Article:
(The man himself, by the way, doesn’t know precisely what year it is. He only knows approximately how many years have passed and what time of year it is now—late fall, cold but not as cold as it’s going to be.)

There is ash everywhere, and enough in the air that the survivors at least sometimes breathe through makeshift masks. It sounds like the climate has changed, perhaps in the “nuclear winter” manner that some scientists have predicted would be the result of a sufficiently large nuclear exchange. The sun is rarely if ever visible due to all the junk in the air. It’s probably colder than before, though not knowing their exact location or the exact time of year, one can’t say for sure. There seems to be precipitation every day or almost every day.

There are very few non-human living things left. There’s an absence of birds and the “ordinary” things you’d normally see and take little notice of. Most or all of the trees and plant life they come across is dead. There is no indication any longer of any agriculture or of many if any livestock animals being left, which may or may not be solely due to the climate and environmental issues; the lack of any social stability where people could plant something and be around to harvest it could be a factor as well.

So people subsist on canned goods and other such things that are a decade or whatever old. That is, there’s no sign the available food is being in any way replenished; it’s just fewer and fewer people fighting over the dwindling finite amount of stuff that’s been around since the time of the war.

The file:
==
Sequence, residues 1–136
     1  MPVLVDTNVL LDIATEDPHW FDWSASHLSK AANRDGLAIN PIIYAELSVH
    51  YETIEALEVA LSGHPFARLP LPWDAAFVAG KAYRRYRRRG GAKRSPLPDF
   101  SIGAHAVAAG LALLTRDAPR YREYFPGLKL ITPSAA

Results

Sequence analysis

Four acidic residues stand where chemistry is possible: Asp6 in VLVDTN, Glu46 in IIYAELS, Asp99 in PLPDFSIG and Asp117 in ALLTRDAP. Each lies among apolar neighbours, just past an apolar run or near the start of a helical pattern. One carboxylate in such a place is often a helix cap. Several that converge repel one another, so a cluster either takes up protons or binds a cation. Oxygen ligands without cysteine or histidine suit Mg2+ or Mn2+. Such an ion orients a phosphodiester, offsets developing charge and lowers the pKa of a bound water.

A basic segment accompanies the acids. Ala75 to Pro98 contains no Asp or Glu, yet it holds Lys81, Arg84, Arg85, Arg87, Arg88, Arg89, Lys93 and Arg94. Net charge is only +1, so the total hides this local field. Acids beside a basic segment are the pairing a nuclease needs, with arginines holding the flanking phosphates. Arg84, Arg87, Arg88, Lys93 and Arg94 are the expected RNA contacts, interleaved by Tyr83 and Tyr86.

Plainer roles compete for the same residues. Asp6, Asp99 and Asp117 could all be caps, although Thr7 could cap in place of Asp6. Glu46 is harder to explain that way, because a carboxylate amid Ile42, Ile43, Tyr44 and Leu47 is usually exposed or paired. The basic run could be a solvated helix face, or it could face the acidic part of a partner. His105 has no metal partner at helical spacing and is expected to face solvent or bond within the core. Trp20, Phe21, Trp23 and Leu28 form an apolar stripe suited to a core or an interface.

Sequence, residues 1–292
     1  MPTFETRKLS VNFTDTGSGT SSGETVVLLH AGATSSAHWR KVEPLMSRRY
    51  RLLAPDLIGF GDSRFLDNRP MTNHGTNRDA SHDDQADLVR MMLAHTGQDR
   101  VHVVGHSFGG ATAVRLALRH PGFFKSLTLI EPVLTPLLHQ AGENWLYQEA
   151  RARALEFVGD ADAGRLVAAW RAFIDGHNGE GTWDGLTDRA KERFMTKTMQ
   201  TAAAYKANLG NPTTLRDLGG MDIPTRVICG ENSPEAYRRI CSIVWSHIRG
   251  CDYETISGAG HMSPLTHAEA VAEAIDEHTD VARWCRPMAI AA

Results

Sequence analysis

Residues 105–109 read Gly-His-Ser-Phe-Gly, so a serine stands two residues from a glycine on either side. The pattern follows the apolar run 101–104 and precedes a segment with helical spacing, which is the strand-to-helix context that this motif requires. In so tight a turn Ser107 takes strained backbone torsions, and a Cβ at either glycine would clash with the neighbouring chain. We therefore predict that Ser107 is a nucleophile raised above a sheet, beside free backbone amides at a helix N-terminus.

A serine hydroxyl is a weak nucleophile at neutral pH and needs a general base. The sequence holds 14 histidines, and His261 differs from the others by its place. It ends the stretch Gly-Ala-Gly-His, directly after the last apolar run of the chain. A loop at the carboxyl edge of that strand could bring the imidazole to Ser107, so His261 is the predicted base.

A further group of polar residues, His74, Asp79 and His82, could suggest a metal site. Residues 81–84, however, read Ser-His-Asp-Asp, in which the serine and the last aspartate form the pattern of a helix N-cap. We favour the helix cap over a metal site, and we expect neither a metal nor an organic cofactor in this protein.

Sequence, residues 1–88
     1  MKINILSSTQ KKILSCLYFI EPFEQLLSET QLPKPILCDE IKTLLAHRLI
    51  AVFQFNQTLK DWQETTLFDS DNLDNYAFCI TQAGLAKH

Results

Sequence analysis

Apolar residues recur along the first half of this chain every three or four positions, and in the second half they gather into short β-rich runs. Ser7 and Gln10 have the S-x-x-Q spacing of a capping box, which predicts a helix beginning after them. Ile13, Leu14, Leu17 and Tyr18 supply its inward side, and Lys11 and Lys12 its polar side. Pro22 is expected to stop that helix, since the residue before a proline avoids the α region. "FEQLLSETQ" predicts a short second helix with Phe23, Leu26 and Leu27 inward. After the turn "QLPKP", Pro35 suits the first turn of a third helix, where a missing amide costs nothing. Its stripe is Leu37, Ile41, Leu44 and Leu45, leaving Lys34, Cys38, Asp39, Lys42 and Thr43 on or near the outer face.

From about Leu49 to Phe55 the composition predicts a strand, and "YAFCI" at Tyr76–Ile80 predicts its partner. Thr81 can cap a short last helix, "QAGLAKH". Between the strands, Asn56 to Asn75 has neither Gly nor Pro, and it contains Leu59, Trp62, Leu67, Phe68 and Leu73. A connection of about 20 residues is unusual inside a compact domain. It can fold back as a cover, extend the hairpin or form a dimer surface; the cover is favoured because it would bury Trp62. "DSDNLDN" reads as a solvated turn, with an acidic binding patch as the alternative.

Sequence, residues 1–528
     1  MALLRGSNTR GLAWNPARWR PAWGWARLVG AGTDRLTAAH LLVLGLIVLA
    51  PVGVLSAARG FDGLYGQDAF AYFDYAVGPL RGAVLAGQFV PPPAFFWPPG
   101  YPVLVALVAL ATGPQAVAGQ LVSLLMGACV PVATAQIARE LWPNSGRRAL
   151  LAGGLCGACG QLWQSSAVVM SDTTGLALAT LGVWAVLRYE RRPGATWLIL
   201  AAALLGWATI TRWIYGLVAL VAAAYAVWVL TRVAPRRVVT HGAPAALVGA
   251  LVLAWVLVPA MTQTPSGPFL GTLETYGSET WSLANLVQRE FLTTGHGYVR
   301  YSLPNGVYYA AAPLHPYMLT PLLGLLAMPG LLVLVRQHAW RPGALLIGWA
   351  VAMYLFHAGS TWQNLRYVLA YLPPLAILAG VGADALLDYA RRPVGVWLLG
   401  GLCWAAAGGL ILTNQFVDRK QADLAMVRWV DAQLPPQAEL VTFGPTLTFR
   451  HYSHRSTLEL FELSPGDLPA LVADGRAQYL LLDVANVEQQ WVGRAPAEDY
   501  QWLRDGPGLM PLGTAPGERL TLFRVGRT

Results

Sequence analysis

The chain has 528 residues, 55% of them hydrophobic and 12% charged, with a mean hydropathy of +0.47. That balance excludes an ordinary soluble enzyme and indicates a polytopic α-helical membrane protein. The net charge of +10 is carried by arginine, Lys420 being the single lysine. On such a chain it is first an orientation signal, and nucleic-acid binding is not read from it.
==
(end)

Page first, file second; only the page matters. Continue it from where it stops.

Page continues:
It isn’t specified if the entire world is like what is described in this book, or whether there might be, say, functioning societies in the Southern Hemisphere or elsewhere that were spared major damage. I think the safest guess is that it’s like this all over. The climate changes wouldn’t be restricted to just where the bombs fell, and if there were still societies in decent shape, one thinks a decade or however long it’s been would be long enough for them to put together some sort of aid or rescue programs for the survivors in the countries that were devastated.

But at least in the areas of the United States the narrator is familiar with, there are very, very few people left alive. It’s a novelty to encounter anyone.